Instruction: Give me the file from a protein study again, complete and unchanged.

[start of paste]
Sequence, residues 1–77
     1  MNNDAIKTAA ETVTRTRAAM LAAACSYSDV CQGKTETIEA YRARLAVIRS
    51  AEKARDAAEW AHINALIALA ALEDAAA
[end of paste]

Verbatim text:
Sequence, residues 1–77
     1  MNNDAIKTAA ETVTRTRAAM LAAACSYSDV CQGKTETIEA YRARLAVIRS
    51  AEKARDAAEW AHINALIALA ALEDAAA